Winners Of The 2017 National Geographic Travel Photographer Of The Year

A photograph of an erupting volcano hit by a bolt of lightning has earned Sergio Tapiro Velasco of Mexico the prestigious title of 2017 National Geographic Travel Photographer of the Year. Velasco will receive a 10-day trip for two to the Galápagos Archipelago with National Geographic Expeditions, as well as a $2500 prize. Velasco’s incredible photo was selected from over 15,000 entries from participants in more than 30 countries.

The power of nature – Grand Prize and 1st Prize Nature Category

Powerful eruption of Colima Volcano in Mexico on December 13th, 2015. That night, the weather was dry and cold, friction of ash particles generated a big lightning of about 600 meters that connected ash and volcano, and illuminated most of the dark scene. On last part of 2015, this volcano showed a lot of eruptive activity with ash explosions that raised 2-3 km above the crater. Most of night explosions produced incandescent rock falls and lightning not bigger than 100 meters in average. (Photo and caption by Sergio Tapiro Velasco/ National Geographic Travel Photographer of the Year)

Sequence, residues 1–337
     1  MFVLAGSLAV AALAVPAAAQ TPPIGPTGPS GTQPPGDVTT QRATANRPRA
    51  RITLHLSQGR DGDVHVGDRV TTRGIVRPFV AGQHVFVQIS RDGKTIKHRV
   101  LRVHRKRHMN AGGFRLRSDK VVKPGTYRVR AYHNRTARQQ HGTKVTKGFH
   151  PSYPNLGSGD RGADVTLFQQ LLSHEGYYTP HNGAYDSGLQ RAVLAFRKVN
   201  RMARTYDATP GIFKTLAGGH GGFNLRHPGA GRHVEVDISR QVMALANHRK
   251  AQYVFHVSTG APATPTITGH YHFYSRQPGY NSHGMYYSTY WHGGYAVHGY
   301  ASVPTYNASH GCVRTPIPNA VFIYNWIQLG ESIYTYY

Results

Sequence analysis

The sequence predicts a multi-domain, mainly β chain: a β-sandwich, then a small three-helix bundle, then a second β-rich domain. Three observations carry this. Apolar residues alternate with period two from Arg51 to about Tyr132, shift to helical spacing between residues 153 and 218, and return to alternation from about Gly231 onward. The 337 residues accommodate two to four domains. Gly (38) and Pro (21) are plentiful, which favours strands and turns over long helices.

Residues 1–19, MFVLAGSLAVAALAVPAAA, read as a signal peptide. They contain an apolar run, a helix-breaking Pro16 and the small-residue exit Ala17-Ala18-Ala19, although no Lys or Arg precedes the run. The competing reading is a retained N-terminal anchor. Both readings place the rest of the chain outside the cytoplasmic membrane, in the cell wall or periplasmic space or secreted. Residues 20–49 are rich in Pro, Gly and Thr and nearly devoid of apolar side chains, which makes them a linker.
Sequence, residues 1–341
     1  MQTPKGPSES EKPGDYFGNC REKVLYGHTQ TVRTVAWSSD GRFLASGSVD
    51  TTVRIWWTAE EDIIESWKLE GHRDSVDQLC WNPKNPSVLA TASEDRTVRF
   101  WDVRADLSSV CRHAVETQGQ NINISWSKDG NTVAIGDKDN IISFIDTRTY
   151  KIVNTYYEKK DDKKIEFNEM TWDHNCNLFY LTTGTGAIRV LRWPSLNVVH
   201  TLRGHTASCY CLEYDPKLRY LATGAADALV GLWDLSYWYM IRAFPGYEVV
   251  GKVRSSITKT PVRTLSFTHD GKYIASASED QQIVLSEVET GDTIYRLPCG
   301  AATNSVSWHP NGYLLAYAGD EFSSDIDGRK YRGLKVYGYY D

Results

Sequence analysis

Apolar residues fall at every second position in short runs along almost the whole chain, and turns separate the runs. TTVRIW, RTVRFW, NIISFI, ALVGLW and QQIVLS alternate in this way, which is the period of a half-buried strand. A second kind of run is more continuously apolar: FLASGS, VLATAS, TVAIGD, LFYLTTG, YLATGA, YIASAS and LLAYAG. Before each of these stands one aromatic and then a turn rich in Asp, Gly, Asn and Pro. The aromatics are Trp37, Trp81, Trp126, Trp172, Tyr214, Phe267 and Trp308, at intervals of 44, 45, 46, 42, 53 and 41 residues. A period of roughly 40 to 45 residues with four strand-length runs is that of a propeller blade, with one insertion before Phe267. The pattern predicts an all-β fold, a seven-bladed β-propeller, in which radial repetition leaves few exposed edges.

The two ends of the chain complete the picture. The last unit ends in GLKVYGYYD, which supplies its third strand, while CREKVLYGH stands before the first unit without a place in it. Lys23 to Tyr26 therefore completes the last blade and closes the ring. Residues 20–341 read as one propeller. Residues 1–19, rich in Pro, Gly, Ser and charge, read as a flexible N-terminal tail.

More info: 2017 National Geographic of the Year

Levels of reading – 1st Prize Cities Category

The modern interior of the city library in Stuttgart. With its wide-open space in the central, where natural light comes from through the windows on the top, it has a very unique atmosphere, where you can broaden your knowledge. (Photo and caption by Norbet Fritz/ National Geographic Travel Photographer of the Year)

Walled City #08 – 2nd Prize Cities Category

The Kowloon Walled City was the densest place on Earth. Hundreds of houses stacked on top of each other enclosed in the center of the structure. Many didn’t have access to open space.This notorious city was finally demolished in 1990s. However, if you look hard enough, youwill notice that the city is not dead. Part of it still exists in many of current high density housing apartments. I hope this series can get people to think about claustrophobic living in Hong Kong from a new perspective. (Photo and caption by Andy Yeung/ National Geographic Travel Photographer of the Year)

Henningsvær Football Field – 3rd Prize Cities Category

This football field in Henningsvær in the Lofoten Islands is considered one of the most amazing fields in Europe, and maybe even in the world. The photo was taken during a 10-day sailing trip in Norway in June 2017. We arrived to Henningsvær after a week of sailing through the cold and rainy weather. Upon our arrival, the weather cleared up. I was really lucky that the conditions were suitable for flying my drone, and I managed to capture this shot from a height of 120 meters. (Photo and caption by Misha De-Stroyev/ National Geographic Travel Photographer of the Year)